At a Glance


Project "Acoustic Kitty," anyone? With different code names for missions, the CIA has shielded some vital information from the public.

Jeffrey T. Richelson, National Security Archive

Science, Technology, and the CIA

Provides 44 government documents that track the organizational and operational history of various CIA departments designed to coordinate science and technology research with intelligence operations. Many of the documents—reports, letters, and memos—have been declassified through Freedom of Information Act requests by the site's editor, Jeffrey T. Richelson for his research. Other documents have been obtained from the National Archives, Library of Congress, and the CIA's public affairs office. Material dates from 1951 to 2000, with the bulk covering operations during the Eisenhower, Kennedy, and Johnson administrations.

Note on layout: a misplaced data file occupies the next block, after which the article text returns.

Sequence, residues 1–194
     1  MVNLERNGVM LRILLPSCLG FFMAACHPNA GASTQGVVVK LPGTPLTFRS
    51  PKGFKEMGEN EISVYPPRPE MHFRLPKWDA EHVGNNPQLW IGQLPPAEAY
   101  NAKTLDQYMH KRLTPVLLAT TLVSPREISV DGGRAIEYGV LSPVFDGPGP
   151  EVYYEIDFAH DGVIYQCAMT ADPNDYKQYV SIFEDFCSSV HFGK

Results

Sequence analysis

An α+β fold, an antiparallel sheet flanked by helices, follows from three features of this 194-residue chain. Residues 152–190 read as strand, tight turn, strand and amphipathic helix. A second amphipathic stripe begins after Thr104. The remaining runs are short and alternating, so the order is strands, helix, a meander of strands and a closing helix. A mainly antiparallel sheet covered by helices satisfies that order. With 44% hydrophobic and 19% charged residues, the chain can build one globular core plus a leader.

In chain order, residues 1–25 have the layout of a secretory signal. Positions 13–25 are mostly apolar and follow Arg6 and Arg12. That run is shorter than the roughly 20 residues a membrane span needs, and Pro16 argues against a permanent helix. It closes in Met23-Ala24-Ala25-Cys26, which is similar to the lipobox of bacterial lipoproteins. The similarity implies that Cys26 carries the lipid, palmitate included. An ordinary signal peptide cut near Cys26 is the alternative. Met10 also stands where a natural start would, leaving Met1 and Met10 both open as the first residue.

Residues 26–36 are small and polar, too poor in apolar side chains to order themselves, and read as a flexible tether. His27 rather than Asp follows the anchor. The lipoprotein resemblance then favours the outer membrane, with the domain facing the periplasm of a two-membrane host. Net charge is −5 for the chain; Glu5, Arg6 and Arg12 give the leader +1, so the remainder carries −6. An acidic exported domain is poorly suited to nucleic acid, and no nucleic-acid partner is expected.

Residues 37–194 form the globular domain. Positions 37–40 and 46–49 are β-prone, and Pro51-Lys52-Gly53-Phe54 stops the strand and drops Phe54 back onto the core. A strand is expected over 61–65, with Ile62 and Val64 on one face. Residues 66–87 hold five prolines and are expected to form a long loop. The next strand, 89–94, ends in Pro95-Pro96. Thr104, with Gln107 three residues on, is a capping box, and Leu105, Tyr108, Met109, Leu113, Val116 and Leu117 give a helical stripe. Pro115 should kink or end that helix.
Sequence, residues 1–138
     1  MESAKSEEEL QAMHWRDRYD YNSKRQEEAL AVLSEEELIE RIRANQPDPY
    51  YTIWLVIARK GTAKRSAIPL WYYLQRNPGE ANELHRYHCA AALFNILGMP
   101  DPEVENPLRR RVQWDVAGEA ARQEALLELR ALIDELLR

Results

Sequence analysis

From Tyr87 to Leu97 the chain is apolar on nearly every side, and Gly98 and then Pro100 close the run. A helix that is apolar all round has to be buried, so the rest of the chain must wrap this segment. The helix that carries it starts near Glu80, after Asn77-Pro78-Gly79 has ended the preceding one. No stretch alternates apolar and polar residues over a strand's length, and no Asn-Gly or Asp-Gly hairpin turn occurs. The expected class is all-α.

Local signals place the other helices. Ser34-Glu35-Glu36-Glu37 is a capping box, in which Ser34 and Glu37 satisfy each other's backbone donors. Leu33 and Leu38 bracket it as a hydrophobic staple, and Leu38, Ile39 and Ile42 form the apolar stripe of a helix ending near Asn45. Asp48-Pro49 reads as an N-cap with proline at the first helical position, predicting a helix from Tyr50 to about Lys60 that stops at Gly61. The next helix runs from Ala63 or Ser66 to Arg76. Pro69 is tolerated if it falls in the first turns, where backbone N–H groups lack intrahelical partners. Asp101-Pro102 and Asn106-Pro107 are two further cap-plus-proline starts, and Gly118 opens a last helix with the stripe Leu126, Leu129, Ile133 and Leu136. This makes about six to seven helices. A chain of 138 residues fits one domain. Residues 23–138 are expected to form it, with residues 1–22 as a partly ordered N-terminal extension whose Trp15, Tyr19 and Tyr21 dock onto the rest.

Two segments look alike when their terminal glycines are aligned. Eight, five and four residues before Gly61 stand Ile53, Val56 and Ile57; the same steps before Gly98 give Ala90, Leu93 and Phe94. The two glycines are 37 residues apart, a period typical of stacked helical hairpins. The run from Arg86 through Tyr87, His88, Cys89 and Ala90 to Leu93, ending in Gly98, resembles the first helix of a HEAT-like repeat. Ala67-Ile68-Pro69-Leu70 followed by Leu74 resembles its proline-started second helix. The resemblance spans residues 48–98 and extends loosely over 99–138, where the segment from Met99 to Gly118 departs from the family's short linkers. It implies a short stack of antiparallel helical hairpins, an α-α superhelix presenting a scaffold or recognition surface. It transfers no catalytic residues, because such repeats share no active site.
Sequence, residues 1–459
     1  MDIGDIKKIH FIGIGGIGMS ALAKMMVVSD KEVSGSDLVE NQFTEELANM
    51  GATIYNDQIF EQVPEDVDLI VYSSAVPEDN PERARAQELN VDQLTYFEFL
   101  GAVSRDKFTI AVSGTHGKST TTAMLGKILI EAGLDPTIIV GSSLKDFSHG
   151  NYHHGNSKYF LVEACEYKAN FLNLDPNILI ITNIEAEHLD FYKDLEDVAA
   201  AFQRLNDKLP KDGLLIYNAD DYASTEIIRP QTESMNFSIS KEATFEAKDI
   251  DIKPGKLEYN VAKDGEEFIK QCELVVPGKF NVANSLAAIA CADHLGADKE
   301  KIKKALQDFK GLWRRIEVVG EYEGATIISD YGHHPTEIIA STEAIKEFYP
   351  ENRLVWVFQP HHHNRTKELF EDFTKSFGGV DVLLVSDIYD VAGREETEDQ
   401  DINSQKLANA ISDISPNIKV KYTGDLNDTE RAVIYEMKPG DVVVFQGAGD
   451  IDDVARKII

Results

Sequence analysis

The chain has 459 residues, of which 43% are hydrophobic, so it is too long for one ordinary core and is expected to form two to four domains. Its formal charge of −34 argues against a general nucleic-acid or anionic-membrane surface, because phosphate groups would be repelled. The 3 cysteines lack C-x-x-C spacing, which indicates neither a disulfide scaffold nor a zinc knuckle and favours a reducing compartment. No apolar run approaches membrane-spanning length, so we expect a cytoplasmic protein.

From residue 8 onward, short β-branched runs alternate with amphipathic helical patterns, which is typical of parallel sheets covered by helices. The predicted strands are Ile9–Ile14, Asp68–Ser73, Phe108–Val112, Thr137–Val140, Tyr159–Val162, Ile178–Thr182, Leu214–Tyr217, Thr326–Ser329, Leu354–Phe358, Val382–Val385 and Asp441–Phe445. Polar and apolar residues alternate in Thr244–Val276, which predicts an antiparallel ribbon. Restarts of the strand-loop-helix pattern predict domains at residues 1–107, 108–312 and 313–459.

Subjects include determining France's nuclear capabilities in 1957; assessments of U-2 spy plane missions over the Soviet Union and China in the 1960s; "Black Shield" flights over North Vietnam and North Korea to find missile sites; the development of a real-time imagery satellite in the 1970s; the strategic rationale for mining harbors in Nicaragua during the Reagan administration; and restructuring efforts following the end of the Cold War. Also includes a report on technical support provided to E. Howard Hunt and G. Gordon Liddy for gathering information on Daniel Ellsberg and Senator Edward Kennedy, and a memo on project "Acoustic Kitty," in which a cat, surgically wired with transmitting and control devices for eavesdropping purposes, was run over by a cab. Each document is annotated with a short description of up to 300 words. The site, though modest in size, will be of interest to those studying the history of American espionage agencies, foreign relations, and the secret use by nations of science and technology.